Work isn’t set up to create innovation, no


You’d probably assume that innovation, as a concept, needs a few steps before it actually happens — and one of those steps is probably “creative thinking.” (Or, at the very least, some kind of thinking.) How do you achieve the idea of “creative thinking” that leads to “innovation?” For a lot of people, it occurs in super-random places (i.e. the shower as a pre-eminent example).

This article from Fast Company runs down some of the research on fostering creative thinking and innovation, and broadly groups “the steps” to create creative thinking into five categories:

  • Let It Go (think about something else)
  • Move Your Body (self-explanatory)
  • Change It Up (adjust your routine)
  • Block It Out (schedule some time to stop and think about it by yourself)
  • Sleep On It

Look at the above list and think about your existence at work.

Chances are, most of the things listed there — definitely let it go, move your body, and block it out — are pretty hard to achieve in a standard office, which is traditionally all about meetings, e-mails, and everyone telling you how busy they are.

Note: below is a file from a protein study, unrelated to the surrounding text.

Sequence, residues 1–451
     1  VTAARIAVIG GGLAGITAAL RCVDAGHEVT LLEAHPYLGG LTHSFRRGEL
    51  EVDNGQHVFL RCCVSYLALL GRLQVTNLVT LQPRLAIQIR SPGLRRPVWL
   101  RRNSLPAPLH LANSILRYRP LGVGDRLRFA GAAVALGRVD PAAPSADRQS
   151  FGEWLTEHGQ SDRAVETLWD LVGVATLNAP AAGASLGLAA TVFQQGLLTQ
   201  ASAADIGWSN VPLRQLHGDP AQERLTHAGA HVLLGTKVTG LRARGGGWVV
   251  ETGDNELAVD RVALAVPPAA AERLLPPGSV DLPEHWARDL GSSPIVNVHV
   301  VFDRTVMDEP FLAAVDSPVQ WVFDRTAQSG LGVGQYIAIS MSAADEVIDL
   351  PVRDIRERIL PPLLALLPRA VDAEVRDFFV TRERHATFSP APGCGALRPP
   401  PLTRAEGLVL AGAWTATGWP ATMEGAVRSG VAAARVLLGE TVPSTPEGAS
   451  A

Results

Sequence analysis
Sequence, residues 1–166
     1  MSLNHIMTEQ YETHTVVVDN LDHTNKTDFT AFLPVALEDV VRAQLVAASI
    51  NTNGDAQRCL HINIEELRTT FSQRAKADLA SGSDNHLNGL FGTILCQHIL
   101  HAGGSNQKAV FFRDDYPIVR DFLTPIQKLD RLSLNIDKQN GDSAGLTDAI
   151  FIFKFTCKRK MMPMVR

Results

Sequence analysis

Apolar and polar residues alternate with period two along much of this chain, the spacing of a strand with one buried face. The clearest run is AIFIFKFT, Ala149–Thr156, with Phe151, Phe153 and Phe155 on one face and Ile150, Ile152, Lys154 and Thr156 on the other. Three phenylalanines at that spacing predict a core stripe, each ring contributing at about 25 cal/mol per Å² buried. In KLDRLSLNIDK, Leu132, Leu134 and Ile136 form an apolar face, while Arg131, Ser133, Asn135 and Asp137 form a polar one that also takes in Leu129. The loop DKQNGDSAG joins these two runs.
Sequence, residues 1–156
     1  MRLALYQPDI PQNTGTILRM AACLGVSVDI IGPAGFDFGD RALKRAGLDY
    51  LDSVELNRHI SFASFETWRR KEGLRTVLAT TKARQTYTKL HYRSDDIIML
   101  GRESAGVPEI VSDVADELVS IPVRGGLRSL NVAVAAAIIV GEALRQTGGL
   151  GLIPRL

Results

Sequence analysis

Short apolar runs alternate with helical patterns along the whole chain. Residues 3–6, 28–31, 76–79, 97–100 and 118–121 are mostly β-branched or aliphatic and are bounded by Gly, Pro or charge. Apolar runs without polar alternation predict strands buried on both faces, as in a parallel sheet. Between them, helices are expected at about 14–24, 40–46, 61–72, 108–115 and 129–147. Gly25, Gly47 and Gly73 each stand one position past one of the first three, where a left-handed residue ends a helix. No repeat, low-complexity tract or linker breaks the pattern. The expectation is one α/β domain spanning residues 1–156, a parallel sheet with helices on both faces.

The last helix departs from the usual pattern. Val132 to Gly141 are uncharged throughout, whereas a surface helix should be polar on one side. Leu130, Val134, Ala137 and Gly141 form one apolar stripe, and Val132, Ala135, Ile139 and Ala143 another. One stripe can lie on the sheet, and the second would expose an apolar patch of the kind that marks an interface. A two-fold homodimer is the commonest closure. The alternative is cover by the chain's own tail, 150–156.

There’s been countless studies in the last few years that “sitting is the new smoking,” and most office employees tend to sit for a good deal of time. That kind of kills “Move Your Body,” although there does seem to be some kind of tiny revolution around “Steps” nowadays because most phones/devices can track that.

“Let It Go” sometimes happens naturally at work simply because we’re often forced to switch horses mid-stream, but I wouldn’t say it happens in a way that’s effective or conducive to “Hey, think for a second about this concept…” It moreso happens around “Hey, now you’re gonna go chase this deliverable…”

“Block It Out” is nearly impossible in most offices, because, as noted above, the culture tends to be all about meetings, e-mails, etc. Broadly speaking, we have a “knowledge economy,” but we still design it around “industrial” type practices. We haven’t caught up.

Now, all this said, innovation happens every day in almost every organization somewhere; it could be on a very small scale, and it could (less so) be on a very large one. It does happen. It’s just that when it happens, it’s almost in spite of the context surrounding the work, not actually because of it. (And also, it can come from anywhere. Please remember that.)

Ted Bauer

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